Do Social Media have a role to play in the Scientific Process?

Victoria Louise Ng

In 2012 The Guardian stated that ‘Social media platforms can provide feedback during research and then assist in the promotion of the published work’. Social media sites like Facebook and Twitter provide a way for current researchers to put their data to a much wider audience. CERN for instance have a current count of 1.03M followers on Twitter and 341,140 likes on Facebook. Now imagine that each of those followers and likes are a different person. That’s nearly 1.4 million people!

Say CERN announce something on these platforms that appeals to just a quarter of these people, that’s 0.35 million people retweeting and sharing that same information. If each of those people have 20 friends or followers that then read that announcement that’s a massive 7 million people, nearly 5 times the original reach. That’s the power of social media.

Now imagine we go back in time 15 years. No Facebook and no Twitter. How many people would that announcement reach? The answer is not a lot. Only the people that see it in a newspaper, if the newspaper picks up on it.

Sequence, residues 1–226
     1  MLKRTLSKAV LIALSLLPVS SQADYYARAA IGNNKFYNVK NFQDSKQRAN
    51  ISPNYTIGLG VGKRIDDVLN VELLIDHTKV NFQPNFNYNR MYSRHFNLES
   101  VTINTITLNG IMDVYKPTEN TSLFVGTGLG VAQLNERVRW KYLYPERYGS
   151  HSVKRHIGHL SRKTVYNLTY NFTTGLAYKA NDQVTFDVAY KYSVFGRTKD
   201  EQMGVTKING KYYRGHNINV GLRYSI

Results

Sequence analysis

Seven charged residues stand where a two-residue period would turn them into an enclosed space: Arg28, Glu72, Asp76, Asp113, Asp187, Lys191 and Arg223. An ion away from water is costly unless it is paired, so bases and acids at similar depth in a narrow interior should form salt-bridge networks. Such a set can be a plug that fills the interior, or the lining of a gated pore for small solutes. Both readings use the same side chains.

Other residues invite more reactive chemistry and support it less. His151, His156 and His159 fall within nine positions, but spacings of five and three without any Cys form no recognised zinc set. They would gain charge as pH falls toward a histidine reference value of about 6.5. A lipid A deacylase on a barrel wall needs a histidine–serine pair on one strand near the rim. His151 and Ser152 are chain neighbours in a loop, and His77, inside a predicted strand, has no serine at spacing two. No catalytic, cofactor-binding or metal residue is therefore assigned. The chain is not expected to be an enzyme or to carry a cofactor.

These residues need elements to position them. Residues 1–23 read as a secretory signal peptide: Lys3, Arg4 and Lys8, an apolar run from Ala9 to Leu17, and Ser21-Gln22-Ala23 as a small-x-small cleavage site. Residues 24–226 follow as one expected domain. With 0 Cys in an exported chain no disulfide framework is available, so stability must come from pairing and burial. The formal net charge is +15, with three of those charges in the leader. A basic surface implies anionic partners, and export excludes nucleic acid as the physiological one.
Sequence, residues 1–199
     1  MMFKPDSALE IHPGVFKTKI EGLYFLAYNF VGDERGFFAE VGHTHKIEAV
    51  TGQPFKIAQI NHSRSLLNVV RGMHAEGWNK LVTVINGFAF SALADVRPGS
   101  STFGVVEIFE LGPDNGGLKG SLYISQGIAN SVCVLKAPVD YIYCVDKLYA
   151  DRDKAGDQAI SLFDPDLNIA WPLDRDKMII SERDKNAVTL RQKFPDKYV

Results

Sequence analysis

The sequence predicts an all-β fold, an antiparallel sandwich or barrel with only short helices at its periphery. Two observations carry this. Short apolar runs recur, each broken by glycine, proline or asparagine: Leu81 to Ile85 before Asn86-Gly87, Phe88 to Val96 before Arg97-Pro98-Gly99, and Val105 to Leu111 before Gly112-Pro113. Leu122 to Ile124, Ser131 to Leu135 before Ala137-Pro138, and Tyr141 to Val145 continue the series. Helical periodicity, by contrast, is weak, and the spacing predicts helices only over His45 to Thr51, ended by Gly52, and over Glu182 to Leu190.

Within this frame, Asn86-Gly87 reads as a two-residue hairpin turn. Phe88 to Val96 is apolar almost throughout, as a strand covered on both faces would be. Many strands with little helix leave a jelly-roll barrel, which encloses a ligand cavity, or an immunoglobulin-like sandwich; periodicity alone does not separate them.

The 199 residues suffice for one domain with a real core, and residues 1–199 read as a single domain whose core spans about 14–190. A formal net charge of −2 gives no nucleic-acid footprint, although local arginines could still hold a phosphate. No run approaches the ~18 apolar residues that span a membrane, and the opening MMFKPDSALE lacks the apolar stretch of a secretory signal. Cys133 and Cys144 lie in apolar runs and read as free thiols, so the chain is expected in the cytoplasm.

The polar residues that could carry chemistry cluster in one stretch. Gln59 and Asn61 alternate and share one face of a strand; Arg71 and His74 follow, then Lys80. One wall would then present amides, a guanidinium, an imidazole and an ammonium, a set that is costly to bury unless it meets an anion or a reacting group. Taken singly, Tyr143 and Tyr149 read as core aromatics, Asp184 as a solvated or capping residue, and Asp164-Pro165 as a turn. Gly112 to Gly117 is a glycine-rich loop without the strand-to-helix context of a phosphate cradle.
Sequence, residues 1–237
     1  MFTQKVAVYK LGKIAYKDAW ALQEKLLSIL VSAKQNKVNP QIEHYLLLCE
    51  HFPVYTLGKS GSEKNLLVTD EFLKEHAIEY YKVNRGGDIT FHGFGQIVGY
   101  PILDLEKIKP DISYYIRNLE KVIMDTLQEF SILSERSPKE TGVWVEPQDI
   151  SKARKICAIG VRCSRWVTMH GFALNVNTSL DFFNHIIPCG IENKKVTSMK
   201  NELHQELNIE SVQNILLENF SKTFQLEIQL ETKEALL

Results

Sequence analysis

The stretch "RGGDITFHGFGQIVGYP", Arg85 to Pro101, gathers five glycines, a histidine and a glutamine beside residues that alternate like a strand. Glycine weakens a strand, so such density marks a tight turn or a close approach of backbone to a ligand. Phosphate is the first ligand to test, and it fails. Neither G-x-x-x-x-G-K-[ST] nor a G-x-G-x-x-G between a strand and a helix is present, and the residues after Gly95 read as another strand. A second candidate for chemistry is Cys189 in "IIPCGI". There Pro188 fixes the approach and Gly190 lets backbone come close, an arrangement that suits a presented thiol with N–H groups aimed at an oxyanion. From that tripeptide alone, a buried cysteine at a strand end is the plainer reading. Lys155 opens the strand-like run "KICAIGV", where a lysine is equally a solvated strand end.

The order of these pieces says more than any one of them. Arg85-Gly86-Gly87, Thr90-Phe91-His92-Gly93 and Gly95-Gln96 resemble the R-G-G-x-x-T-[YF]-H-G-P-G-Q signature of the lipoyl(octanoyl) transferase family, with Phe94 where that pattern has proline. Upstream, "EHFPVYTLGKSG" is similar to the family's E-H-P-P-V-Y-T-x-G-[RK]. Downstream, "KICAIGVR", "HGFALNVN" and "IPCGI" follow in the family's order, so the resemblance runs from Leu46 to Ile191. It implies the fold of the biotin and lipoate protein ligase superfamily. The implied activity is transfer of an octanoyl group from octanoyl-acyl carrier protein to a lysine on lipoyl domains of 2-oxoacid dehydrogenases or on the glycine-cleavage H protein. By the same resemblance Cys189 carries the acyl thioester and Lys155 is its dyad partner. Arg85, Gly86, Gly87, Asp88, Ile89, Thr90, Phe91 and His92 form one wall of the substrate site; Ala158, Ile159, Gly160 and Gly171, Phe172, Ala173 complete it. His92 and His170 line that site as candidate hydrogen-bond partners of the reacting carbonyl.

But, Social Media itself is often described as social interaction among people. There’s no distinction in the type of people involved in social media so, by extension, it’s mostly dominated by non academics. These are people who tend to believe the word of a scientist is fact. A recent example for instance was an article I stumbled across on a popular website called helloU. This article in particular was about the current ebola crisis but the article itself wasn’t what peaked my interest.

In the comment section was the sentence “My evidence for the information I provided was an article in a newspaper about Ebola, with an interview from a scientist.” This was in regards to the statement that Ebola isn’t infectious within it’s 21day incubation period. The interesting thing I find here is the mix of the words evidence, newspaper and interview. Along with most members of the public this person took what a scientist said in a newspaper to be evidential fact. For all I know, this scientist may be bang on the money, making it up on the spot or having their words twisted by journalists.

So, social media is a great tool for getting the word out there and spreading news amongst the general public, but are the general public really that good at distinguishing what makes a good paper if they are willing to use a ‘scientist’s say so’ as fact?

The Guardian:\


Do Social Media have a role to play in the Scientific Process?

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